The Illinois Workers’ Compensation Commission recently affirmed an arbitrator’s denial of TTD benefits to a petitioner who was on light duty work restrictions during an economic layoff. In Gonzalez v. ITT Industries, 2009 WL 5067488 (Ill. W.C. Comm. 2009), the petitioner injured his back after lifting a 200 pound box and his chiropractor placed him on light duty work restrictions for approximately four months. During those months, the employer temporarily laid off a number of employees, including the petitioner. The petitioner expected a call back to work during the time of his lay off and did not pursue work during that period of time. He accepted unemployment insurance benefits, expecting to be returned to work when economic conditions improved. He and his co-workers were equally impacted by the fact that the plant was closed due to an economic downturn.
The arbitrator denied TTD since the petitioner, as well as his fellow co-workers, were simply waiting for a return to work after the layoff period ended. The arbitrator reasoned that the petitioner was not disadvantaged due to his physical disability since neither he, nor his co-workers, contemplated a search for new employment. Rather, the employees subject to the economic layoff were simply waiting for a call from the employer to return to work after the end of the layoff period. The Commission affirmed the arbitrator’s decision, noting that neither the petitioner, nor his co-workers, had envisioned a pursuit of work with new employers, and that all parties were merely awaiting the recall to the ITT location.
We note that the decision in Gonzalez preceded the newly established rules of Interstate Scaffolding v. IWCC by three months (see our blog post below for a full analysis of Interstate Scaffolding). Remember that the Supreme Court found no reasonable construction of the Act that supported the termination of TTD to an employee on light duty who was discharged for his own volitional conduct. The controlling factor there, as the Supreme Court wrote, was that an employer is liable for the payment of TTD subsequent to an employee’s termination until the employee reaches maximum medical improvement.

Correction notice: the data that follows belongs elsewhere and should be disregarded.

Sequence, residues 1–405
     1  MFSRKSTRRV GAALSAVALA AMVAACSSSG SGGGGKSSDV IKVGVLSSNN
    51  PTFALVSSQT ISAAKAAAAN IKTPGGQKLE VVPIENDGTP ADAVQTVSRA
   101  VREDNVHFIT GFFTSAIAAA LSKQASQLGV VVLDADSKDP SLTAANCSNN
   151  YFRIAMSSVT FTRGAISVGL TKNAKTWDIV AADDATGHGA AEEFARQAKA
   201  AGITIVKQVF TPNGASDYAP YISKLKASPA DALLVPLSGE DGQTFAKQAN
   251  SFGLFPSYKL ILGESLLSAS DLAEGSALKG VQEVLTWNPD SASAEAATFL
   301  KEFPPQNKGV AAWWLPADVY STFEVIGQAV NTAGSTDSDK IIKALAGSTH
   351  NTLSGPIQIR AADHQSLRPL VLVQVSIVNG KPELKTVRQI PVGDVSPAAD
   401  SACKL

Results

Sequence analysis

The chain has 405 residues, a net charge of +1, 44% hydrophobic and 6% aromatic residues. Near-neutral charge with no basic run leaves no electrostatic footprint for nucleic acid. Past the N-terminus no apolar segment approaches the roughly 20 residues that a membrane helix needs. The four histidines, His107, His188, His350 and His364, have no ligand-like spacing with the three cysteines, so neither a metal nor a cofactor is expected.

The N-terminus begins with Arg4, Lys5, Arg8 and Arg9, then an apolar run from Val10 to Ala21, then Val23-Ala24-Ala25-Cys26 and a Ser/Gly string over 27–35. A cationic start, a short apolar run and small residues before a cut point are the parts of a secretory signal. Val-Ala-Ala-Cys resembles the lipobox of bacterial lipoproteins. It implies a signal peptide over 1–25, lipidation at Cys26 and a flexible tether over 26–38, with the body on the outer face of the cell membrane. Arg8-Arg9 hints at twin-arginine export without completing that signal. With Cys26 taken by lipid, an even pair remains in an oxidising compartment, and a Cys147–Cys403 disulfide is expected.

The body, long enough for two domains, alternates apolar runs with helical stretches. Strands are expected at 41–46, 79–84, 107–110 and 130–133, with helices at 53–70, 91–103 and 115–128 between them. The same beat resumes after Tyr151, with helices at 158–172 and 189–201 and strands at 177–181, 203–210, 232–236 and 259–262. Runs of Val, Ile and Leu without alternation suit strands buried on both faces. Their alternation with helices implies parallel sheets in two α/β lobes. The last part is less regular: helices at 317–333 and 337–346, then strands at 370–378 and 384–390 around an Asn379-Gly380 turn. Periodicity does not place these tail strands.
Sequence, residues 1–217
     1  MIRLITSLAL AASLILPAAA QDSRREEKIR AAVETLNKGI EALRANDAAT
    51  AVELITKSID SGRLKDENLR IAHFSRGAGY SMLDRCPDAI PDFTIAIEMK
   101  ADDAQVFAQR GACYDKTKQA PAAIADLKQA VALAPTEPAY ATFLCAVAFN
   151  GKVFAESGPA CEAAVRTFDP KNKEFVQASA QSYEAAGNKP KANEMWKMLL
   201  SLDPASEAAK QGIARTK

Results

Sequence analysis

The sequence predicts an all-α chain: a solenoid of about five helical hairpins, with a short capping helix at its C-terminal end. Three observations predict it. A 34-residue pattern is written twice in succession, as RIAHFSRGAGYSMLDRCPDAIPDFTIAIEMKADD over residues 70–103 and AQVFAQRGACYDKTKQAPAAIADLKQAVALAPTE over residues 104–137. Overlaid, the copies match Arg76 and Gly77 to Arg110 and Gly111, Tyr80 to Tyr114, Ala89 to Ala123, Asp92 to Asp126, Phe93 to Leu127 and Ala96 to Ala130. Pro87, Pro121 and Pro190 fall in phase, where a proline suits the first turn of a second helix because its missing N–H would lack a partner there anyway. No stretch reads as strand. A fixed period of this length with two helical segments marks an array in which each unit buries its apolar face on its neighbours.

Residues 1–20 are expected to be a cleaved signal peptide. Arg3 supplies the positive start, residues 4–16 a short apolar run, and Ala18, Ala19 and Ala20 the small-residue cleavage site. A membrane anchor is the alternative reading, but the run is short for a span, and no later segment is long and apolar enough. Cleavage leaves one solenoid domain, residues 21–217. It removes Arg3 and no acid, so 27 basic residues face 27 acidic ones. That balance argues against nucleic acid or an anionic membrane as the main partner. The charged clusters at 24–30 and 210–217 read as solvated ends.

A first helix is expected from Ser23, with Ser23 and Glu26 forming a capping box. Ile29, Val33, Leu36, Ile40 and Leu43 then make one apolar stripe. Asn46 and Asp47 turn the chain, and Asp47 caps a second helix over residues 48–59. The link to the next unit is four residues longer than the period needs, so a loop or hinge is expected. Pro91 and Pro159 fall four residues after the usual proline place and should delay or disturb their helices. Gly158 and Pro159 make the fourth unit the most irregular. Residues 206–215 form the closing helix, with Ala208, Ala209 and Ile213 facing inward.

Gonzalez seems to run counter to Interstate. If the Commission were to follow the reasoning in Interstate, Mr. Gonzalez would have been entitled to TTD since he had not yet reached maximum medical improvement and was placed on light duty restrictions that the respondent could not accommodate due to the economic layoff. Clearly, greater weight would be given to the Supreme Court opinion in Interstate over the Commission’s decision in Gonzalez. However, a respondent could arguably glean from Gonzalez that during an evenly applied economic layoff, where both an injured employee and his fellow co-workers expected to be recalled to work, a respondent may be able to avoid the payment of TTD.
If an employer is forced to apply an evenhanded economic layoff and there is an expectation that the layoff is temporary, an injured employee may not be entitled to TTD since he is not disadvantaged by his disability as compared to fellow co-workers who are also awaiting a call back to work from the employer. However, it is unclear whether this legal theory would be upheld in light of Interstate.